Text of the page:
Count Your Border-Crossing Days
11/28/11 • By , TIF Contributor
With cross-border travel increasing: for shopping, visiting family or friends, short or long term vacations, it’s important you keep track of your time spent in the United States. Certainly, American are not trying to keep you out. They welcome Canadians and they appreciate your business. But there are rules about how long you can visit.
Canadians are allowed to visit the U.S. for no more than six months per calendar year, and given the increased sophistication of surveillance technologies, passport scanners, and inter-government data sharing, you can’t take the chance that won’t be detected for the occasional overstay. If you are, you can be banned from entering the U.S. for years—maybe forever if your infractions have become egregious.
Border agents generally think in terms of months, rather than days: May 16 to November 16 will generally count as six months, rather than the 185 days it really is. But don’t try to split hairs with them. They don’t like it. Some do it one way, some another. The rules are not hard and fast on that. So to give yourself a cushion of safety, stick to the 182-day rule. And do count the day you step into or out of the U.S. as one full day, even if it is only an hour: just as you would count the six-hour shopping trip to Buffalo as one full day.
One of the most frequent questions we get here at TIF is how long must one stay in Canada before returning to the U.S. after a six month stay? There is no specific rule for that. There is no requirement that you must stay put in Canada for X days before returning to the U.S. What matters is how many days in total over the course of a calendar year (that means between January 1 and December 31) you have been in the United States.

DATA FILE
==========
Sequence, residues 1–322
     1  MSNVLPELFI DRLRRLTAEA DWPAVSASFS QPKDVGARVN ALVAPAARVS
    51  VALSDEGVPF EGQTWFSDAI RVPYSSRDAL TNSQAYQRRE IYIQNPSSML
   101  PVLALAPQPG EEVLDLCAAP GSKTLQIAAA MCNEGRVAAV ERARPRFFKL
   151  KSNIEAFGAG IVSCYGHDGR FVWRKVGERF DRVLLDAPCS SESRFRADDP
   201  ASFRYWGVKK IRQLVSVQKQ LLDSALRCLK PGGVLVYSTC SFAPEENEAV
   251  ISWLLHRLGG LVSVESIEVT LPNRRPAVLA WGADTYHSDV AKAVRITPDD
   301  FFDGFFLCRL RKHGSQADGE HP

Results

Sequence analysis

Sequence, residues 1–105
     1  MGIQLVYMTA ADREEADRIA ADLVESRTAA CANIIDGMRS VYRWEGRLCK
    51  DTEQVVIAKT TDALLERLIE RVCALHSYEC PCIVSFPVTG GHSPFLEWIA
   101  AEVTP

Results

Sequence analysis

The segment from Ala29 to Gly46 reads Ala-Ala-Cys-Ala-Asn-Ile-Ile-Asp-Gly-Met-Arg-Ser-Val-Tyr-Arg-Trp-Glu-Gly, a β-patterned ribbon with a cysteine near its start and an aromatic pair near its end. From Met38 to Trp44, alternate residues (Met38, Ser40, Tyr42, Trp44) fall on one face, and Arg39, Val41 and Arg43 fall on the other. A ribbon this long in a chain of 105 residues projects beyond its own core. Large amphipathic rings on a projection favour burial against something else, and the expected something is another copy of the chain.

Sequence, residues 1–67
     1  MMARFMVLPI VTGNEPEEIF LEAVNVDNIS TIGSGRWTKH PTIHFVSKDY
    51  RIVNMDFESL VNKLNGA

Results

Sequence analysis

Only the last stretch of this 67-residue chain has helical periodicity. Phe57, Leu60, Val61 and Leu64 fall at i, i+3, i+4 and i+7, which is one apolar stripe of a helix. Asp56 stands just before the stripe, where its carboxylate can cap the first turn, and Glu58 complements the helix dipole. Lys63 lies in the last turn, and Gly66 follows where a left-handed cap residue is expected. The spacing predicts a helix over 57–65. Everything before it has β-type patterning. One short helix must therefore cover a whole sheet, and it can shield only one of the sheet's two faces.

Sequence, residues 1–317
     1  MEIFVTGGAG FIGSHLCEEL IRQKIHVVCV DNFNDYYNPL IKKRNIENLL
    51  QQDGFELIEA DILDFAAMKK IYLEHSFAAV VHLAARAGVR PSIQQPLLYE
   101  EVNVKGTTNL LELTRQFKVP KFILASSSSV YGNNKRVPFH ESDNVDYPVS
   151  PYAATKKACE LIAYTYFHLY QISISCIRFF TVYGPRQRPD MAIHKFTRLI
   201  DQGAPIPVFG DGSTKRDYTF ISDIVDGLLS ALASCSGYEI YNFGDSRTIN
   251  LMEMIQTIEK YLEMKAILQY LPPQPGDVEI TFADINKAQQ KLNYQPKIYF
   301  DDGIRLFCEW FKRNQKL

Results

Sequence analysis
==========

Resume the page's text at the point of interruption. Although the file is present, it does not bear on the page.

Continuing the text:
And besides counting your days, you also have to use your common sense. If you spent the last six months of 2011 in the U.S. and you think you can drive home to Ontario for six days and then head back south again for another six months, you’re asking for trouble. Because besides the six month rule, that border agent is going to use his common sense and realize that you are clearly planning on spending more time in the U.S. than in Canada and with that will come a lot of questions . And the agent has a right to do that. And if he or she feels you are trying to take advantage of your rights to visit, you could be turned around in your tracks—no questions asked. Don’t be greedy.
In coming days and weeks, TIF will be offering special services and resources, among them a detailed e-book, which will specify the rules about cross border travel, how long you can be in the U.S., how long you can stay out of the country while still retaining your medicare benefits (with a province by province breakdown of the rules), as well as advice about travel health insurance: how to keep your costs down, how to be sure the plan you choose is right for you, what to look for in buying insurance and what to avoid—in short, a survival guide to the art of snowbirding—in plain language and in the amount of detail you need to make to make it of practical value.
Keep checking back. We’ll be making announcement on these enhancements to our site in our special email Newsletter. If you haven’t yet signed up for it yet, do so. It’s free. Sign up is right on the homepage.
All travel insurers advertising on this site meet TravelinsuranceFile’s acceptability criteria for out-of-country health benefits for Canadian residents. You can buy online or get more information on each plan by visiting our Insurance Products section or click on the logos of insurers down the side of the homepage.